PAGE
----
For example, the library will only crawl 20 pages by default, but we can set the argumenthttpspider.maxpagecount accordingly for bigger sites:

$nmap -p80 --script http-phpself-xss --script-args httpspider.maxpagecount=200 <target>

Another interesting argument is httpspider.withinhost, which limits the web crawler to a given host. This is turned on by default, but if you need to test a collection of web applications linked to each other, you could use the following command:

$nmap -p80 --script http-phpself-xss --script-args httpspider.withinhost=false <target>

We can also set the maximum depth of directories we want to cover. By default this value is only 3, so if you notice that the web server has deeply nested files, especially when “pretty urls” such as /blog/5/news/comment/are implemented, I recommend that you update this library argument by using the following command:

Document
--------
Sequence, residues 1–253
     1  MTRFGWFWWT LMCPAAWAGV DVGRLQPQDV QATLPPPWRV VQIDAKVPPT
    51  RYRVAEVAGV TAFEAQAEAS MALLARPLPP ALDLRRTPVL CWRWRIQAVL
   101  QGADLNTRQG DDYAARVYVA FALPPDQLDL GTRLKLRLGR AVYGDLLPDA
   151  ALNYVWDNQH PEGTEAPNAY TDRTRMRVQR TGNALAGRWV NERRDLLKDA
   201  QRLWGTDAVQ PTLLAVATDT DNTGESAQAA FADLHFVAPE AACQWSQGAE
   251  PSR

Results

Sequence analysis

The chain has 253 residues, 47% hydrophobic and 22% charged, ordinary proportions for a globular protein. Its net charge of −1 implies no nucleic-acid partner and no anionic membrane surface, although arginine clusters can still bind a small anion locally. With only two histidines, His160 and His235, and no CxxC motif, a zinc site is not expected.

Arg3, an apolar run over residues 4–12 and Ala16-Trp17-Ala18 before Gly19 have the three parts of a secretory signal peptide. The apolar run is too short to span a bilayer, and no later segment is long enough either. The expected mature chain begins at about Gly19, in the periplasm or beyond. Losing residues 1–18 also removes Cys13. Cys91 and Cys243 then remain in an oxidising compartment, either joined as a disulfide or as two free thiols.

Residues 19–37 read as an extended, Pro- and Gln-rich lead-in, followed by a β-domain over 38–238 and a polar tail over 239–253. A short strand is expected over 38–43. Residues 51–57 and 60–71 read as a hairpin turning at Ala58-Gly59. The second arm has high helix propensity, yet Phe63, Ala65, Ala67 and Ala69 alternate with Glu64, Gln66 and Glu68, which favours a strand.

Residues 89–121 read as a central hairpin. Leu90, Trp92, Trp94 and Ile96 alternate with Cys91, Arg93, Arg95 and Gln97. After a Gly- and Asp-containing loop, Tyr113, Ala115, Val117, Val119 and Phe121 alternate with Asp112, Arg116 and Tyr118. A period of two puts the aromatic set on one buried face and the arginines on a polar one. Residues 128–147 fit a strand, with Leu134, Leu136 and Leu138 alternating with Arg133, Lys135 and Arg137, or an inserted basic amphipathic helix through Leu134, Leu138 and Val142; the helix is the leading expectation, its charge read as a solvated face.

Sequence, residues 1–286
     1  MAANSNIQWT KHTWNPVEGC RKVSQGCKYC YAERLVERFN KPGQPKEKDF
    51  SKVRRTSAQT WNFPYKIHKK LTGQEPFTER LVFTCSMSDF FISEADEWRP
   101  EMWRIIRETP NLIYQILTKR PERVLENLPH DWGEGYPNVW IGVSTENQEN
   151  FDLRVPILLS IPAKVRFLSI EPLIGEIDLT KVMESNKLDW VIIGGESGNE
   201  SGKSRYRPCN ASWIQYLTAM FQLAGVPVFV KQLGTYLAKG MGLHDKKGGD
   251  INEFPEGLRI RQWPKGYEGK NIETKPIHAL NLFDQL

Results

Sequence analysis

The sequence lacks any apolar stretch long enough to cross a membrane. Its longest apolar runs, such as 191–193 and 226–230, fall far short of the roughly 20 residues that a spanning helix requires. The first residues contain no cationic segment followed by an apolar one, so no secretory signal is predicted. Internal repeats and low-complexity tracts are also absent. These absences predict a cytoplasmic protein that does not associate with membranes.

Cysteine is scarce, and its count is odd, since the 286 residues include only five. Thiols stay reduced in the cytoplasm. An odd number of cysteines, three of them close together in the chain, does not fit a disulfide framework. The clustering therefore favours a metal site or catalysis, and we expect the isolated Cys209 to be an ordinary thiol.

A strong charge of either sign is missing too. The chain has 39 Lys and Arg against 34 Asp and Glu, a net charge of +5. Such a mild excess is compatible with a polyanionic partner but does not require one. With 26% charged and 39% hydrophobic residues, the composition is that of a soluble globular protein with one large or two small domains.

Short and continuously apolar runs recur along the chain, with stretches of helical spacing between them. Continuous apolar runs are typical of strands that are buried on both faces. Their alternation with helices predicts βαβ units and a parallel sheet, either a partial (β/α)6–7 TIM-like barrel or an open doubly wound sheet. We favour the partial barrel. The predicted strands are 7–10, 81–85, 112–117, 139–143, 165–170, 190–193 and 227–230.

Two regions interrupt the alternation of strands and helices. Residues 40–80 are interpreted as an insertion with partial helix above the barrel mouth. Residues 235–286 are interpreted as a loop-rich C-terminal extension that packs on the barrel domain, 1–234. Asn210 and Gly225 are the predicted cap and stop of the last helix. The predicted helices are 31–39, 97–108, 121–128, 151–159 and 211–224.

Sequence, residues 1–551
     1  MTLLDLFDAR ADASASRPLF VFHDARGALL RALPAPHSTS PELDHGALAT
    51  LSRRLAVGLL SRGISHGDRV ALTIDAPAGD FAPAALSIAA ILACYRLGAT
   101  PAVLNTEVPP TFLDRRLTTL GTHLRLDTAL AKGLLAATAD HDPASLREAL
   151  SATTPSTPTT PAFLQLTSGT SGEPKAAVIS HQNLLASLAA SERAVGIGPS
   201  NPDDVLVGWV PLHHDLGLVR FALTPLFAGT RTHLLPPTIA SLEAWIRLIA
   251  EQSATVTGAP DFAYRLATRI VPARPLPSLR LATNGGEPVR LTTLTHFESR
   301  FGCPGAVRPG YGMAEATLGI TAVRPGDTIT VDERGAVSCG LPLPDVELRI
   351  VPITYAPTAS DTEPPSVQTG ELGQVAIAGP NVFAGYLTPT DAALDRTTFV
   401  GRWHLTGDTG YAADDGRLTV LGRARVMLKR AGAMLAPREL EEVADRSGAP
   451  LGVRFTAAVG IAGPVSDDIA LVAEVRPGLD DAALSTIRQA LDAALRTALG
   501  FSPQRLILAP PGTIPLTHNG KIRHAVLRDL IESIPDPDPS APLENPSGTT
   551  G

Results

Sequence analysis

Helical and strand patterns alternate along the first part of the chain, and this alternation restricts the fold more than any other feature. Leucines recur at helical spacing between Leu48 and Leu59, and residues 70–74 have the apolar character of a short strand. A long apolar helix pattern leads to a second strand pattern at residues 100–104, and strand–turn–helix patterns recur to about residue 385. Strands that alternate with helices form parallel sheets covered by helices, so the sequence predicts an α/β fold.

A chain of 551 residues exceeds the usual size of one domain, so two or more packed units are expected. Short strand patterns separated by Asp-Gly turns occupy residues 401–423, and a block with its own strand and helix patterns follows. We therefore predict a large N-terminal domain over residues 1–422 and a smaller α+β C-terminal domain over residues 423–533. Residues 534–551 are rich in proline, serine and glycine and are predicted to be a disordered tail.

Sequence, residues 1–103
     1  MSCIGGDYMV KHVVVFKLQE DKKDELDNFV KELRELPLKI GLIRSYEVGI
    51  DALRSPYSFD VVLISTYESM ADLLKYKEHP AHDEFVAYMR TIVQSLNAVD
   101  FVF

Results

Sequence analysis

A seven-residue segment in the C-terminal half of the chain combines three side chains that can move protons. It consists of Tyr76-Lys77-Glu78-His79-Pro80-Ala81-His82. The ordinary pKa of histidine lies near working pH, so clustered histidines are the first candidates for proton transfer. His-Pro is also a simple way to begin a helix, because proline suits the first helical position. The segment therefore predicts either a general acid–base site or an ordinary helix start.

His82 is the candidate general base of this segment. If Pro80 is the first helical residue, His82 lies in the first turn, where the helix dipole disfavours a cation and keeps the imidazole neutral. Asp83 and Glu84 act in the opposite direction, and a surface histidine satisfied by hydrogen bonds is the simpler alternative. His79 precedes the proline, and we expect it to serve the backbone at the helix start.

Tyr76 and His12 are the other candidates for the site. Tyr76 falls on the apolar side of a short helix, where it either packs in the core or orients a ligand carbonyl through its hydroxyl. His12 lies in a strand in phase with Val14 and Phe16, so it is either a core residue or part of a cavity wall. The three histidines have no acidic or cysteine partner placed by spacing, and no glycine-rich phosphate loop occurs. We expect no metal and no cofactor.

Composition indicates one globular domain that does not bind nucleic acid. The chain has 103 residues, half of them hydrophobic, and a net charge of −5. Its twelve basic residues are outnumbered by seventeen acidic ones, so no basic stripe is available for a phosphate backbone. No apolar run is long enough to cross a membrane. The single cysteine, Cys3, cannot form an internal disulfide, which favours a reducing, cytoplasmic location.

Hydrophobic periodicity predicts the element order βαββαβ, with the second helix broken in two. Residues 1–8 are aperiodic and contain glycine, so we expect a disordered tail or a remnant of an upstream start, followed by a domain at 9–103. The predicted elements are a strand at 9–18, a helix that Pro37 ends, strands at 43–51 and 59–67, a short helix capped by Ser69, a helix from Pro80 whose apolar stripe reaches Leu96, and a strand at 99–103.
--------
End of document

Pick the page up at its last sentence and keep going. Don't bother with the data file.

$nmap -p80 --script http-phpself-xss --script-args httpspider.maxdepth=10 <target>

The official documentation for the library can be found at http://nmap.org/nsedoc/lib/httpspider.html.

HTTP User Agent

There are some packet filtering products that block requests made using Nmap’s default HTTP User Agent. You can use a different User Agent value by setting the argument http.useragent:

$ nmap -p80 --script http-sql-injection --script-args http.useragent="Mozilla 42" <target>

HTTP pipelining

Some web servers allow the encapsulation of more than one HTTP request in a single packet. This may speed up the execution of an NSE HTTP script, and it is recommended that it is used if the web server supports it. The HTTP library, by default, tries to pipeline 40 requests, and automatically adjusts that number according to the traffic conditions, based on the Keep-Alive header.

$ nmap -p80 --script http-sql-injection --script-args http.pipeline=25 <target>